Standardized autonomic testing was performed as previously described (6, 9) in the Autonomic Disorders Laboratory at Western University, London, Ontario. The quantitative sudomotor axon reflex test (QSART) evaluates the postganglionic sympathetic sudomotor axon using a Q-Sweat device (WR Medical Electronics, Stillwater, MN) and multicompartmental sweat capsules. The resulting sweat response was recorded from four routine sites (forearm, proximal leg, distal leg, and foot). Results were compared with normative data derived from studies on 357 healthy subjects aged 10–83 yr (8). Cardiovagal function was assessed using heart rate response to deep breathing and Valsalva ratio with the results compared with normative data derived from 376 and 425 healthy subjects, respectively, aged 10–83 yr (8). In brief, subjects were asked to perform deep breathing cycles using visual cueing (heart rate response to deep breathing) and a Valsalva maneuver by way of forced exhalation (Valsalva ratio). Cardiovascular adrenergic function was evaluated by measuring blood pressure and heart rate responses to Valsalva maneuver and HUT (6, 9).
Subjects were placed in the supine position for 15 min prior to testing. The subject's beat-to-beat blood pressure and heart rate responses were measured throughout testing using a BMEYE Nexfin device (Amsterdam, The Netherlands) and an ECG device (Model 3000 Cardiac Trigger Monitor, IVY Biomedical Systems, Branford, CT) with ECG electrodes (Ambu Blue Sensor SP, Glen Burnie, MD), respectively. All recordings were made using WR TestWorks software (WR Medical Electronics, Stillwater, MN). Baseline recordings were obtained for a minimum of 1 min. The subject was passively tilted to a 70° angle for a period of 5 min. Afterward, the subject was tilted back down to the supine position for a period of 5 min. Average heart rate was obtained prior to tilt and compared with the maximal heart rate between the 2nd and 5th min of HUT. The postural heart rate increment was then obtained by subtracting the average heart rate in the supine position from the maximal heart rate in the upright position.
Composite autonomic severity score.
The composite autonomic severity score (CASS) is derived from the autonomic reflex screen as previously described (7). The CASS provides a measure of the severity and distribution of autonomic failure and has been previously validated to quantify autonomic dysfunction on standard autonomic testing (7). The 10-point CASS is divided into three subscores: sudomotor (0–3), cardiovagal (0–3), and adrenergic (0–4). Each score is normalized for the confounding variables of age and sex (8).
The autonomic symptom profile.
The autonomic symptom profile (ASP) is a validated self-report instrument designed to provide an index of autonomic symptom severity (21). It yields a total score (COMPASS) reflecting overall severity of autonomic symptoms and 11 subscale scores that assess severity of symptoms within the following domains: orthostatic intolerance, sexual failure, bladder dysfunction, diarrhea, gastroparesis, secretomotor dysfunction, syncope, sleep disorder, constipation, vasomotor symptoms, and pupillomotor symptoms. In this study, the orthostatic subscore was used as a measure of orthostatic intolerance. The score ranged from 0 to 40, with higher scores indicative of greater orthostatic intolerance.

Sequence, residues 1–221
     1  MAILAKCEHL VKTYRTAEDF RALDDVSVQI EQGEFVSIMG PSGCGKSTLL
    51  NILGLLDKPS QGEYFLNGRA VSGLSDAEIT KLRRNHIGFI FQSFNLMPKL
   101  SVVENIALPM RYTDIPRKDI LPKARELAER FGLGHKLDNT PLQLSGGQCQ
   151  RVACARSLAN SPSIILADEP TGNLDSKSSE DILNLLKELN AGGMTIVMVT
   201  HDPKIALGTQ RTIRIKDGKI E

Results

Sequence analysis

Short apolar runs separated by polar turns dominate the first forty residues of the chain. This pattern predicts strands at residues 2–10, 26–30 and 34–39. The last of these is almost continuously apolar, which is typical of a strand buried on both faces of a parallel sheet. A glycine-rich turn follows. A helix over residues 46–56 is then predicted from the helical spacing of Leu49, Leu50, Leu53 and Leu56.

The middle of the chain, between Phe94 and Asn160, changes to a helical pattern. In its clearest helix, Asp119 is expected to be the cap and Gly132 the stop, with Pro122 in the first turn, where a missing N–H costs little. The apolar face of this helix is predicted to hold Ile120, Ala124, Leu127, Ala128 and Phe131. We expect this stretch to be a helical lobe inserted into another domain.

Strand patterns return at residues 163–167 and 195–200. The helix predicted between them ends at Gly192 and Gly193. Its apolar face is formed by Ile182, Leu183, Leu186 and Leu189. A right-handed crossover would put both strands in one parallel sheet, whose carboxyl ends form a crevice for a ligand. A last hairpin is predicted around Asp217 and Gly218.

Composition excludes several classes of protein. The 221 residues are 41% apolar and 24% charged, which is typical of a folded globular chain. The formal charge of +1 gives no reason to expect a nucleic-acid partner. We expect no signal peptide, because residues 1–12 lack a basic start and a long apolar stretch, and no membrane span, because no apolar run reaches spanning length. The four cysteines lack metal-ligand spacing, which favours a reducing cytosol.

The Pearson's r correlation coefficient was used to determine significant correlation between variables. As the data were found to be normally distributed, an unpaired t-test was used to compare male and female postural heart rate increments on HUT. The data for each of the other comparisons was non-normally distributed, and thus the Mann Whitney test and Kruskal-Wallis tests were used for two and multiple group comparisons, respectively. A P value of <0.05 was considered statistically significant. All statistical analyses were performed using GraphPad Prism 4.02 (GraphPad Software, San Diego, CA).
Subject characteristics are presented in Table 1. Low CASS total scores were found for all subjects [0.26(0.50)], men [0.29(0.57)] and women [0.24(0.43)], indicative of the absence of significant autonomic dysfunction. Similarly, CASS total scores for subjects aged 14–25 yr [0.08(0.27)], 26–40 yr [0.36(0.49)], and 41–75 yr [0.39(0.69)] revealed no significant autonomic dysfunction. The overall and subgroup median scores were consistently 0.
Postural heart rate increment on HUT did not differ between men and women t(118) = 0.71, P = 0.48 (−5.99, 2.82), but did show a significant decrease by age group; H(2) = 47.48, P < 0.0001 (see Table 2). In line with these results, there was a significant negative correlation between heart rate increment on HUT and age [r = −0.63 (−0.73, −0.51), r2 = 0.400; P < 0.0001; see Fig. 1].
Conversely, there was a significant difference with respect to symptoms of orthostatic intolerance by sex (U = 1,098, P = 0.03) but not age [H(2) = 1.082, P = 0.58; see Table 2]. As a result, there was no significant correlation between either symptoms of orthostatic intolerance and age [r = −0.13 (−0.31, 0.06), r2 = 0.017; P = 0.17] or heart rate increment on HUT and symptoms of orthostatic intolerance [r = 0.15 (−0.04, 0.33), r2 = 0.022; P = 0.13].